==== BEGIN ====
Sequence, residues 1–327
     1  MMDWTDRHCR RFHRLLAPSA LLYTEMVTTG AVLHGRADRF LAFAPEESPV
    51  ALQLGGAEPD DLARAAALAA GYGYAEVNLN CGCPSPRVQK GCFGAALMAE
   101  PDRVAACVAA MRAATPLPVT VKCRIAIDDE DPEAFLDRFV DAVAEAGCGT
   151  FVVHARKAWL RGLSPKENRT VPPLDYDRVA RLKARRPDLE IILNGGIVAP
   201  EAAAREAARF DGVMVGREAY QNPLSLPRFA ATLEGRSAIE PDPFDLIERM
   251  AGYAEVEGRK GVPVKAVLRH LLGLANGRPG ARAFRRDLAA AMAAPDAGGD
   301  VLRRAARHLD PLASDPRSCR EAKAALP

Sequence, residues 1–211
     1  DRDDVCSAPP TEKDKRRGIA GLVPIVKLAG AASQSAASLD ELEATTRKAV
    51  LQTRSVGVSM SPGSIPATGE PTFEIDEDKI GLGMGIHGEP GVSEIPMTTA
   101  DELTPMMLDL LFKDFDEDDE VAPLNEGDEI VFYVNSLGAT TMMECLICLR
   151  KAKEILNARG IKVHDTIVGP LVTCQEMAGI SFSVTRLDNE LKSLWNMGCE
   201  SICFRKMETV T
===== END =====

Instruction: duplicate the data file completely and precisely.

Sequence, residues 1–327
     1  MMDWTDRHCR RFHRLLAPSA LLYTEMVTTG AVLHGRADRF LAFAPEESPV
    51  ALQLGGAEPD DLARAAALAA GYGYAEVNLN CGCPSPRVQK GCFGAALMAE
   101  PDRVAACVAA MRAATPLPVT VKCRIAIDDE DPEAFLDRFV DAVAEAGCGT
   151  FVVHARKAWL RGLSPKENRT VPPLDYDRVA RLKARRPDLE IILNGGIVAP
   201  EAAAREAARF DGVMVGREAY QNPLSLPRFA ATLEGRSAIE PDPFDLIERM
   251  AGYAEVEGRK GVPVKAVLRH LLGLANGRPG ARAFRRDLAA AMAAPDAGGD
   301  VLRRAARHLD PLASDPRSCR EAKAALP

Sequence, residues 1–211
     1  DRDDVCSAPP TEKDKRRGIA GLVPIVKLAG AASQSAASLD ELEATTRKAV
    51  LQTRSVGVSM SPGSIPATGE PTFEIDEDKI GLGMGIHGEP GVSEIPMTTA
   101  DELTPMMLDL LFKDFDEDDE VAPLNEGDEI VFYVNSLGAT TMMECLICLR
   151  KAKEILNARG IKVHDTIVGP LVTCQEMAGI SFSVTRLDNE LKSLWNMGCE
   201  SICFRKMETV T